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How does practicing gratitude improve your mental health?

According to life coach Derrick Carpenter, people who regularly practice gratitude find many benefits
Gratitude, sunset, happiness
An opinion piece on the benefits of practising gratitude

“Remember your P’s and Q’s” is an old proverb that helps to teach gratitude, and it also helps with positive mental well-being.  

According to life coach Derrick Carpenter, people who regularly practice gratitude find many benefits. By taking time to notice and reflect, grateful people experience more positive emotions, feel more alive, sleep better, express more compassion and kindness, and even boast of stronger immune systems.  

Carpenter says practising gratitude can be big or small; it’s perfectly fine to thoughtfully appreciate something as simple as homemade dessert. 

When a person is thinking about things they are grateful for, it is very difficult for negative thoughts and voices to exist. Gratitude naturally shifts our brain into a positive thinking space as it is difficult to think negatively about things we are actively appreciating. The best part of this coping skill is that there is no right or wrong way to do it, the only way is what works best for you.  

There are many different ways to practice gratitude, even if for 60 seconds. You could say it out loud or write out what you are grateful for as a way to start your day. You can also review things you were grateful for during the day before falling asleep a night, which can also help improve your sleep.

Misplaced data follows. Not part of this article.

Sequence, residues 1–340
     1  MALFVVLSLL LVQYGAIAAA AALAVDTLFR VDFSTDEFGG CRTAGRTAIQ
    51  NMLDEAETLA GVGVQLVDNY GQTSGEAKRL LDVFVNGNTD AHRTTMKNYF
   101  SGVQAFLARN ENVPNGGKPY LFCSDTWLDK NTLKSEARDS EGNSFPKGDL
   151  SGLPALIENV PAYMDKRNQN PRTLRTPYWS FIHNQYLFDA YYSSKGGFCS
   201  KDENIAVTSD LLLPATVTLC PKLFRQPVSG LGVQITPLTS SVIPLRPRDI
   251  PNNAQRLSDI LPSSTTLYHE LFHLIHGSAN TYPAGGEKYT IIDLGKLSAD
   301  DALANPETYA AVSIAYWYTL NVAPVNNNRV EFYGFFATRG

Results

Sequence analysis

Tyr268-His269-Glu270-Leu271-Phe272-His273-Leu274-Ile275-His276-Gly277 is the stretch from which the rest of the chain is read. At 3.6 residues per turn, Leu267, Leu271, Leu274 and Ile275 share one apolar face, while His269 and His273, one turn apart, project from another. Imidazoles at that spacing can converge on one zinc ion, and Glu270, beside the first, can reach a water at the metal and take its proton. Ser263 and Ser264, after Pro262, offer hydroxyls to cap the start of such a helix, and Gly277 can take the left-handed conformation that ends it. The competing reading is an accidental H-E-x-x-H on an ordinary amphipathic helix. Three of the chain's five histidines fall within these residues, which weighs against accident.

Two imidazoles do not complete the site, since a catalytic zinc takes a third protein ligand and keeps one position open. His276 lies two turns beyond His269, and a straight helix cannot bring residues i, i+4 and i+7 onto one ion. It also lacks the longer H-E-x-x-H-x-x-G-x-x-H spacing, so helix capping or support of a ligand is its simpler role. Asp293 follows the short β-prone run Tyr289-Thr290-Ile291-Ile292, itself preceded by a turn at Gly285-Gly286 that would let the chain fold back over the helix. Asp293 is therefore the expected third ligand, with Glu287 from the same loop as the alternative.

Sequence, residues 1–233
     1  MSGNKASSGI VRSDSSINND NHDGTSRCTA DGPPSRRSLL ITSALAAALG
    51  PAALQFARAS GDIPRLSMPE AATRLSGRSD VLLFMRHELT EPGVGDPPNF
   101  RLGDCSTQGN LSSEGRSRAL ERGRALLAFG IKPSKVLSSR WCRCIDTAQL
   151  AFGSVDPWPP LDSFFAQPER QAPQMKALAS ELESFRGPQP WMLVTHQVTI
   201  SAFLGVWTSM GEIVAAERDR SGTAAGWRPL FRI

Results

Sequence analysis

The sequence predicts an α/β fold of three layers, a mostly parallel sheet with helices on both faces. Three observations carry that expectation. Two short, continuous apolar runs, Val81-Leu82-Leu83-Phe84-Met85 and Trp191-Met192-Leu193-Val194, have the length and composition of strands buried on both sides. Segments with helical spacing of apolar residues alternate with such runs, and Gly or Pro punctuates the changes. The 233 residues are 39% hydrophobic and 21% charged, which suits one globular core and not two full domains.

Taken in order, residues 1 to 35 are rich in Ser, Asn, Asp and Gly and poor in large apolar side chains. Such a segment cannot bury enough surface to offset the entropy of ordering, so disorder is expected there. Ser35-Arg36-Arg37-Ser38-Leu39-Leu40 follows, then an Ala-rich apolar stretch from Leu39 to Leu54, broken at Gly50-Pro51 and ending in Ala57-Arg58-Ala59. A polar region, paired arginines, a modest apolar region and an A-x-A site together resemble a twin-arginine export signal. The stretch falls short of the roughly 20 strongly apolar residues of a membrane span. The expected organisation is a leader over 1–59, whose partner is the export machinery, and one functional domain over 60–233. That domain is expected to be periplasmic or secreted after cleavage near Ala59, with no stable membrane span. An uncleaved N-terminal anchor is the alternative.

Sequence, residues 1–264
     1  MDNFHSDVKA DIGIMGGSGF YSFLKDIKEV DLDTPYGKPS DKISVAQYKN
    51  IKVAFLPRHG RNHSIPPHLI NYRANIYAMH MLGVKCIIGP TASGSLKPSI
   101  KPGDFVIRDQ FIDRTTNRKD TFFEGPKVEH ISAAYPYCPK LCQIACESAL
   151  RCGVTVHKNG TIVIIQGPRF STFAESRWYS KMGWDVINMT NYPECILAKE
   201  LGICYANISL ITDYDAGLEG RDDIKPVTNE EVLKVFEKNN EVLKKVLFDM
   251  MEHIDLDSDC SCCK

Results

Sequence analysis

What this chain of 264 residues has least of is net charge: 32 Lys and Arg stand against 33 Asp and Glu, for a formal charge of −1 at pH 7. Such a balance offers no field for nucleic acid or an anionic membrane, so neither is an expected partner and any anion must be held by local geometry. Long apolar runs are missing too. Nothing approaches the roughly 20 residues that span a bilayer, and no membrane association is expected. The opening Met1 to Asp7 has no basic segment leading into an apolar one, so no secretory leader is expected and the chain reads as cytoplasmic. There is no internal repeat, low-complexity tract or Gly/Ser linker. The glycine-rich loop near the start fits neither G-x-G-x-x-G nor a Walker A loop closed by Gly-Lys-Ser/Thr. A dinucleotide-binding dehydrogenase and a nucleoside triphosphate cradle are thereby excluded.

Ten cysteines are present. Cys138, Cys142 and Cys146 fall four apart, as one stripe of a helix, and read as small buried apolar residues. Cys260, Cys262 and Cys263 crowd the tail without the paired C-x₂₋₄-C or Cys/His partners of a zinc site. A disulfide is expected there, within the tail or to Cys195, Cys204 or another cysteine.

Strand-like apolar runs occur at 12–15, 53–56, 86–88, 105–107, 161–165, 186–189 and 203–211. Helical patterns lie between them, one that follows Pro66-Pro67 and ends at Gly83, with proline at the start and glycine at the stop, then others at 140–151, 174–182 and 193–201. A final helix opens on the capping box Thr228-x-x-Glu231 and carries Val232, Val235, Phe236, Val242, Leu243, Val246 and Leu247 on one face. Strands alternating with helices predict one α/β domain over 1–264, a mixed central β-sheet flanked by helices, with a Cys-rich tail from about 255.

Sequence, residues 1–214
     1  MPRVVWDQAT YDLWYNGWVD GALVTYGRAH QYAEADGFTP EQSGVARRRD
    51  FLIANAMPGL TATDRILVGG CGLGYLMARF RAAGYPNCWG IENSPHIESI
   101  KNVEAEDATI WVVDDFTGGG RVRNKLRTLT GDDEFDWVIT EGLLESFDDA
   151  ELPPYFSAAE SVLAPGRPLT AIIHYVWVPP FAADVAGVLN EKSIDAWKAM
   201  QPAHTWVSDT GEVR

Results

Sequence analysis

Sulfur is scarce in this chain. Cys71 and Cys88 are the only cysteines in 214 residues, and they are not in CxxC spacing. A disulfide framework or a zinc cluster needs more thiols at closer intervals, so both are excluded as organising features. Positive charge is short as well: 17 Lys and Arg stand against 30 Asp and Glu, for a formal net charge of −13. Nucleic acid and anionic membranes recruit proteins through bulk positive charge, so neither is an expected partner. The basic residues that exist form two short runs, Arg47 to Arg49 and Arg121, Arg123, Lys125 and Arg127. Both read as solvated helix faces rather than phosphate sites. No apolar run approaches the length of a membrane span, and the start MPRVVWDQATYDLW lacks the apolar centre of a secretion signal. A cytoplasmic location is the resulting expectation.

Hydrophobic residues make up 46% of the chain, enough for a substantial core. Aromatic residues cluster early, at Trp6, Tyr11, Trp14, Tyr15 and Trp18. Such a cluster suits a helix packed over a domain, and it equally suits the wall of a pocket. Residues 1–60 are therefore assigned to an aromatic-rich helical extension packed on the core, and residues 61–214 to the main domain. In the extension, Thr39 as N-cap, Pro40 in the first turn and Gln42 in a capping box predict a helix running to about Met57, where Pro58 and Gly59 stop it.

Try a gratitude walk, where you take stock of what is around you and notice the good things as you walk. A different way to experience gratefulness is to spend time with a person who you appreciate and appreciates you.  

And while you’re at it, why not include others directly into your expression of gratitude? You could write a gratitude letter to someone who had an impact on you whom you’ve never properly thanked. You could also share the day’s grateful moments around the dinner table. The conversations that follow may give you even more reasons to give thanks. 

It is not easy to practice gratitude when you are feeling mentally unwell as it can feel like the last thing you want to do. It is a very powerful way to help boost your mood and shift your mindset. Mindy Kaling put it beautifully when she said “Gratitude is the closest thing to beauty manifested in emotion.” Gratitude is a great coping skill because it is free and always accessible. 

If you need someone to talk to, contact Envision Counselling and Support Centre to find out more about our Rapid Access Counselling, which accommodates both in-person and telephone needs. If you are experiencing a mental health emergency, please call 9-1-1.